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    • Gorillas are apparently meat-eaters and chimps abhor the idea of murder. Justified, though, in that it takes place in the future and on an alien planet, so the apes could certainly have evolved differently from their modern Earth counterparts.
  • Covers Always Lie: Many modern covers of the book show the Statue of Liberty, even though this is something exclusive to the first movie adaptation.
  • Creative Sterility: Apes can mimic human civilization but haven't come up with any new inventions for ten thousand years.
  • Cute Mute: Nova. The first thing our explorers notice about her is her stunning beauty. But like all Sororian humans, she only communicates with animal noises.
  • Does This Remind You of Anything?: The "stock exchange" scene. It certainly looks nothing like reality.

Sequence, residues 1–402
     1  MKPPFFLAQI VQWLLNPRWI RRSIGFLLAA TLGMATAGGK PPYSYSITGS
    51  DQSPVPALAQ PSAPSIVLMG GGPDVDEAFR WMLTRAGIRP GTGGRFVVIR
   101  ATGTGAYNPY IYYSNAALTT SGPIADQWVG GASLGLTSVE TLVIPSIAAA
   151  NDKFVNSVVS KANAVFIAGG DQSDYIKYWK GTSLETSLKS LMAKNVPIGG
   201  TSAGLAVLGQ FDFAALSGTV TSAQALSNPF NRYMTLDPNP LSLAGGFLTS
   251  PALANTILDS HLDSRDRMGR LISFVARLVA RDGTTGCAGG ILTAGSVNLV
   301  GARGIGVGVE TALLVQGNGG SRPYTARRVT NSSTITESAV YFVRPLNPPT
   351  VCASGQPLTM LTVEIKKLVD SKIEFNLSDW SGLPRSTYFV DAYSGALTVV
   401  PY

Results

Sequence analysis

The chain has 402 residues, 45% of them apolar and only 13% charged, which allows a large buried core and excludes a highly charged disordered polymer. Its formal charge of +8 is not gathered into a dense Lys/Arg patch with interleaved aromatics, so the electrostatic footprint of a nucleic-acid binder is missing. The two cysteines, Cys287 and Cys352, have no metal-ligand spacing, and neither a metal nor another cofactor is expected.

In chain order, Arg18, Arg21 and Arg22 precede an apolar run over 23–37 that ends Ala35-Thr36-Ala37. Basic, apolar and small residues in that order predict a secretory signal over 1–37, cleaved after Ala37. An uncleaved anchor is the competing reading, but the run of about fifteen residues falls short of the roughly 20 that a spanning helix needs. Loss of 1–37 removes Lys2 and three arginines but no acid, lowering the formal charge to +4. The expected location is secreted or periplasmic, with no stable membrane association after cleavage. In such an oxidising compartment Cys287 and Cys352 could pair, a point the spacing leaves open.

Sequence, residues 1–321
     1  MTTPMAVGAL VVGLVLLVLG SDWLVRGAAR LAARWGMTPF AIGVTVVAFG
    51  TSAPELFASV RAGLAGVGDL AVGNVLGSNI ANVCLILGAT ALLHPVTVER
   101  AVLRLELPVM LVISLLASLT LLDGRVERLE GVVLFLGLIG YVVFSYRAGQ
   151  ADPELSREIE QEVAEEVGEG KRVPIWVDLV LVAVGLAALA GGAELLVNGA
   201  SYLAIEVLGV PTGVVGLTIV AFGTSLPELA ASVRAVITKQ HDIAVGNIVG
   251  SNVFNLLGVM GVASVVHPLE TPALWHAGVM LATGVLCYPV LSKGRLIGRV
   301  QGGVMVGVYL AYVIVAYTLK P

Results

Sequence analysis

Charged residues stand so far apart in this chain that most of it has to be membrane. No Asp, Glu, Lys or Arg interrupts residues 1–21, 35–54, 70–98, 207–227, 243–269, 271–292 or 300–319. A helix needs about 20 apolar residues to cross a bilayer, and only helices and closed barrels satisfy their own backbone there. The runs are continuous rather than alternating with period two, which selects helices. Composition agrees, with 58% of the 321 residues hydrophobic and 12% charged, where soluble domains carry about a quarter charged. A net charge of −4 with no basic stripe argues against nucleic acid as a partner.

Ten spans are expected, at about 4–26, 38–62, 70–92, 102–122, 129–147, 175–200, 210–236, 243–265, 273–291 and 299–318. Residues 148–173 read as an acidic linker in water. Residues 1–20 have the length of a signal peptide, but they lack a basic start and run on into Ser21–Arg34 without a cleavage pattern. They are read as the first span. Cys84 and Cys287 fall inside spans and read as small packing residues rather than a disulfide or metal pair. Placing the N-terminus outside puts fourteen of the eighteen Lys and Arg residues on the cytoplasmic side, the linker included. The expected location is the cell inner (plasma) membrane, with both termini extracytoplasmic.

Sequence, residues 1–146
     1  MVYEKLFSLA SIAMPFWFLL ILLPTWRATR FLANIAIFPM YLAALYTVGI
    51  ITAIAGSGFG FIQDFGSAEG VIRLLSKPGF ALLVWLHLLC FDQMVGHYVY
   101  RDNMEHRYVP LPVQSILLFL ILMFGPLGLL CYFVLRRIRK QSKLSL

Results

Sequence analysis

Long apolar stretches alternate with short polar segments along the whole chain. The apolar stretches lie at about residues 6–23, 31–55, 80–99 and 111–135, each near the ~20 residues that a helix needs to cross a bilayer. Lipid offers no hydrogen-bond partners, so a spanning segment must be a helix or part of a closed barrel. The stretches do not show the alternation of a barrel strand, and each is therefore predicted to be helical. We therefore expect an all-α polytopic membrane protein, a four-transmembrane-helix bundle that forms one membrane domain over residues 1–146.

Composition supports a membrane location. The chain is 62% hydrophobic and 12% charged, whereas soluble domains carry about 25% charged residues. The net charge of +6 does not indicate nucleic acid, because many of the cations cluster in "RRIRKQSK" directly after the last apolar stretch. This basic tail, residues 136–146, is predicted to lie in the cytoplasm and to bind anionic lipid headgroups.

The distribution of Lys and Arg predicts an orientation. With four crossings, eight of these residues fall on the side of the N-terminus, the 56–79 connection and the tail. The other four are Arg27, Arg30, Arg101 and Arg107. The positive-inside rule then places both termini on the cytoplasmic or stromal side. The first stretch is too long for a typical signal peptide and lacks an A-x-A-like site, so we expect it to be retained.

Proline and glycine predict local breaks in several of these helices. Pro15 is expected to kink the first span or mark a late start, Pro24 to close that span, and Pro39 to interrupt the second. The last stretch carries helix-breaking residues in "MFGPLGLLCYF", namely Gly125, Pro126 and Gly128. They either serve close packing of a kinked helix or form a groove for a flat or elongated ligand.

• Downer Ending: Phyllis and Jinn reveal that they know that there are no intelligent humans on Earth.
  • Formerly Sapient Species: Soror's Human Aliens used to have their own civilization, before falling into decadence and degenerating into animals as the increasingly intelligent apes overtook them.
  • Framing Device: The majority of the book is a manuscript which a couple of scientists find floating in space at the beginning.
  • The Grand Hunt: An organized expedition of apes (mostly gorillas) go out hunting humans. They kill a bunch but keep a few for medical experimentation. After the hunt they pose for pictures with some of their kills. This doesn't count as Hunting the Most Dangerous Game because (a) the prey humans aren't intelligent and (b) the hunters aren't human.
  • Human Aliens: The people of Soror look exactly like humans and can even breed with them (Ulysse has a child with Nova). Though they're on the mental level of the apes of Earth, they used to have human-like intelligence too, but they degenerated over time.